Now, to be clear, when you make this switch Google controls the content on the domains and, of course, they own search.

All went well. The domains started to show ads as expected. Then, out of nowhere, Goggle kills our account. No recourse. No intelligent conversations. A totalitarian and decidedly-evil "we are done" of sorts.

Not one person from the office clicked on any ads. Far too busy making real money to do crap like that.

Several of the domains we parked belonged to clients for whom legitimate sites were being created. Google's actions were brutally violent. There's almost no other way to describe it.

Being that they are a de-facto monopoly I would imagine that a time might come when they migh lock horns with exactly the wrong person or entity and end-up on the receiving end of congressional action or some such thing. I really do hope this happens and that they suffer serious damage because of it.

It is so ironic and frustrating to come across site after site with crap content full of Google ads and, on the other hand, to see honest site operators being punished by having an important source of revenue cut-off like that.

I love many of Google's products but AdSense and AdWords' management, policies and their brutal handling of honest users who add nothing but value is nothing less than evil.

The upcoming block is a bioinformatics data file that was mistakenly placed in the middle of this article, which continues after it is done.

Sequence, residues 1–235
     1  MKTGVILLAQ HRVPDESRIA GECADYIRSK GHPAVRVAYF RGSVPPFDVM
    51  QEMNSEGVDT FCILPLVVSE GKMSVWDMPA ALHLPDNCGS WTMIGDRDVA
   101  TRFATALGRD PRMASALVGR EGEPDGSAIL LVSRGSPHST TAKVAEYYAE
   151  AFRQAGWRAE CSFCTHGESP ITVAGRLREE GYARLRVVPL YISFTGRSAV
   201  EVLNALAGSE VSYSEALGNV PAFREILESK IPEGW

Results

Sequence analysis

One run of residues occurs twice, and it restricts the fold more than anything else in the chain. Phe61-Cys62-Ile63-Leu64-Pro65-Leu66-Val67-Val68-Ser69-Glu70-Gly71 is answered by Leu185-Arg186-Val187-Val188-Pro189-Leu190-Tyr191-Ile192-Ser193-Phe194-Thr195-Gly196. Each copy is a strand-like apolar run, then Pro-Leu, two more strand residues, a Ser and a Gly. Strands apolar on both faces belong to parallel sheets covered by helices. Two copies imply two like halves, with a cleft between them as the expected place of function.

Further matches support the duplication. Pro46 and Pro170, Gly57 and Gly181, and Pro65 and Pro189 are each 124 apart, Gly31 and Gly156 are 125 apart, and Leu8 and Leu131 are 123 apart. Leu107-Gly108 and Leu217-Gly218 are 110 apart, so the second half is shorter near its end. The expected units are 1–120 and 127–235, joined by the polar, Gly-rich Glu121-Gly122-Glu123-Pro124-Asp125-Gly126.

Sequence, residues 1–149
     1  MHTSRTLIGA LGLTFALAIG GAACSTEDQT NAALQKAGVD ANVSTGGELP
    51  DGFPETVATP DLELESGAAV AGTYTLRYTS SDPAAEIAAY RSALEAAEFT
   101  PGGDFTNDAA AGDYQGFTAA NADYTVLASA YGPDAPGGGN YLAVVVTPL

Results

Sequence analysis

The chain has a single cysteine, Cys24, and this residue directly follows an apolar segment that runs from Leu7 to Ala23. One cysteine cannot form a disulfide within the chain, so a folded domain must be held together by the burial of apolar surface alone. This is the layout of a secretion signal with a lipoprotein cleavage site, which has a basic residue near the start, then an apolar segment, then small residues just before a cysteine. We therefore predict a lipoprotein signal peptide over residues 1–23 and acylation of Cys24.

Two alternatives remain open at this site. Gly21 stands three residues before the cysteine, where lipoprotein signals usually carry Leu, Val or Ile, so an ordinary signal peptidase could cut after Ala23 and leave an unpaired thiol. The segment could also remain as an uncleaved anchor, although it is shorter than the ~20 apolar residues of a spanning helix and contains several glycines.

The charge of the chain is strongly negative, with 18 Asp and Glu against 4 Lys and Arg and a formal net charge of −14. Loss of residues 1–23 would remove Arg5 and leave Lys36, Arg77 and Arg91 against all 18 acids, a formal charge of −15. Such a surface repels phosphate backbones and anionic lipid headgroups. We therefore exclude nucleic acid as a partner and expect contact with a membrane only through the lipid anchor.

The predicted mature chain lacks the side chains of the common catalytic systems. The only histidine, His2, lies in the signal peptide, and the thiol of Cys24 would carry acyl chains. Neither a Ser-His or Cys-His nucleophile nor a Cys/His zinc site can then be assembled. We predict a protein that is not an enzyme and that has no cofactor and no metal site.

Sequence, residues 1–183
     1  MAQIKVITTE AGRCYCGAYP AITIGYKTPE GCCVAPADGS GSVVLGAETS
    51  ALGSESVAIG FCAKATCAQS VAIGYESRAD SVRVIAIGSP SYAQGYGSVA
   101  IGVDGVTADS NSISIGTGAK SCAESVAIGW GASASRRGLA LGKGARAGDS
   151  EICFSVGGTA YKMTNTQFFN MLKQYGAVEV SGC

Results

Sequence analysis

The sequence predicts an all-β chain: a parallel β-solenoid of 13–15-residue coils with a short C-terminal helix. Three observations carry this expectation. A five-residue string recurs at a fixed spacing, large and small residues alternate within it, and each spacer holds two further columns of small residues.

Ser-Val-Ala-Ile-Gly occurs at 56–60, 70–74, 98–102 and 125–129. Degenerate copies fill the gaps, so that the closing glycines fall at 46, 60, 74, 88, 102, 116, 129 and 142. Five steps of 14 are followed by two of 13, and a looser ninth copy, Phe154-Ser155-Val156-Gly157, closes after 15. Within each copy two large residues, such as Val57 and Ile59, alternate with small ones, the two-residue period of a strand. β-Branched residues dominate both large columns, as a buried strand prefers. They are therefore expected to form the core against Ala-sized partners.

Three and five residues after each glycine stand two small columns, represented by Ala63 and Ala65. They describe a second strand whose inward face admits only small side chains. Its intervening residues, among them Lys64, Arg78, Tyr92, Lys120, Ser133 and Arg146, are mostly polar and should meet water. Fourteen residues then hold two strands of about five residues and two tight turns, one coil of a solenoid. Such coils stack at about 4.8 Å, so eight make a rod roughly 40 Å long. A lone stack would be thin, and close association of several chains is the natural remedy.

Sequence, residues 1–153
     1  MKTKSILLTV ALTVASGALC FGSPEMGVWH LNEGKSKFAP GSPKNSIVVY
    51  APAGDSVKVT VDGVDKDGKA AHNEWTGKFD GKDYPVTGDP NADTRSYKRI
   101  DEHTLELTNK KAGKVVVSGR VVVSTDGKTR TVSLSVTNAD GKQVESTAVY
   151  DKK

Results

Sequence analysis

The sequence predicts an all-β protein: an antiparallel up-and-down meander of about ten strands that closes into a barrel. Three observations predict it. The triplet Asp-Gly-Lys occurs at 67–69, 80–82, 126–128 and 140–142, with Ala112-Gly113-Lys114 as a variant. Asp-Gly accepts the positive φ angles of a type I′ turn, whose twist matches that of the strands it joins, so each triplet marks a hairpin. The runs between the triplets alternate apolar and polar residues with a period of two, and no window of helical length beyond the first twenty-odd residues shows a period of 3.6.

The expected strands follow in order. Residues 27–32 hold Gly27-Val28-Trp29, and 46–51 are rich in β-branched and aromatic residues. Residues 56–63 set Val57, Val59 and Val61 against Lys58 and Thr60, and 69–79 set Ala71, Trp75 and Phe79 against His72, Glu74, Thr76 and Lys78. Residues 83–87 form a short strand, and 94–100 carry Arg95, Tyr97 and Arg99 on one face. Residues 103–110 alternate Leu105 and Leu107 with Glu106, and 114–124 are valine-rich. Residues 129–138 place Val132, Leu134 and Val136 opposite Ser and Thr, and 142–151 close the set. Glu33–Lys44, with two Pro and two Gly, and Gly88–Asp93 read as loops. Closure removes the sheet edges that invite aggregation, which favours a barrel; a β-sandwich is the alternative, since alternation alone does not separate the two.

I never seen any value from parked domains. People only get there by mistake.


Absolutely agreed. That said, Google offered this "AdSense for Domains" and we used it. As a reward for doing so they killed our account. Unbelievable!


I wonder if that's a honeypot of sorts...


In my case, I got extra lucky. I had an account their Google Affiliate Network (GAN) (moved between a 3-bar and 4-bar publisher monthly) as well that was canned because Google told me to combine my accounts.

Now, let's assume I was guilty of click fraud that they are accusing me of with Adsense, kicking me off GAN which was all commission based (% of an order from my sites) makes no sense at all to me from a business standpoint.


+Matt Cutts commented on this particular issue on Google+: https://plus.google.com/109412257237874861202/posts/RpNNBRr6...

"I can't easily imagine Jef Poskanzer was click-spamming AdSense, while at the same time I trust the judgment and abilities of the AdSense team. +Jef Poskanzer , I hope someone digs into the case to investigate deeply and reaches out if there's any more info we can share."

I have to agree, though the robotic reply with non-specific answers doesn't help one bit. Edit: In reference to the article, not this post.